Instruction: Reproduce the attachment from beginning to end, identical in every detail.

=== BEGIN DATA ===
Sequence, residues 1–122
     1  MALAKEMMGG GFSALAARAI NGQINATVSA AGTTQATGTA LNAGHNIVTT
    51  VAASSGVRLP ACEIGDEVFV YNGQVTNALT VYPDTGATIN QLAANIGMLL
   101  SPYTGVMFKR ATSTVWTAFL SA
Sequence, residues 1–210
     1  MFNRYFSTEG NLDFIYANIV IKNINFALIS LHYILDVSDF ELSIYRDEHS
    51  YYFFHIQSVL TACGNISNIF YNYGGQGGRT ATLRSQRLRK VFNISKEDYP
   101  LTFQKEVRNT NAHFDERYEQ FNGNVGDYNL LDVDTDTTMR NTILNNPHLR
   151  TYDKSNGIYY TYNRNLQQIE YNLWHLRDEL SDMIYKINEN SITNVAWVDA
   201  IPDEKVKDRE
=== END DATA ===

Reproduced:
Sequence, residues 1–122
     1  MALAKEMMGG GFSALAARAI NGQINATVSA AGTTQATGTA LNAGHNIVTT
    51  VAASSGVRLP ACEIGDEVFV YNGQVTNALT VYPDTGATIN QLAANIGMLL
   101  SPYTGVMFKR ATSTVWTAFL SA
Sequence, residues 1–210
     1  MFNRYFSTEG NLDFIYANIV IKNINFALIS LHYILDVSDF ELSIYRDEHS
    51  YYFFHIQSVL TACGNISNIF YNYGGQGGRT ATLRSQRLRK VFNISKEDYP
   101  LTFQKEVRNT NAHFDERYEQ FNGNVGDYNL LDVDTDTTMR NTILNNPHLR
   151  TYDKSNGIYY TYNRNLQQIE YNLWHLRDEL SDMIYKINEN SITNVAWVDA
   201  IPDEKVKDRE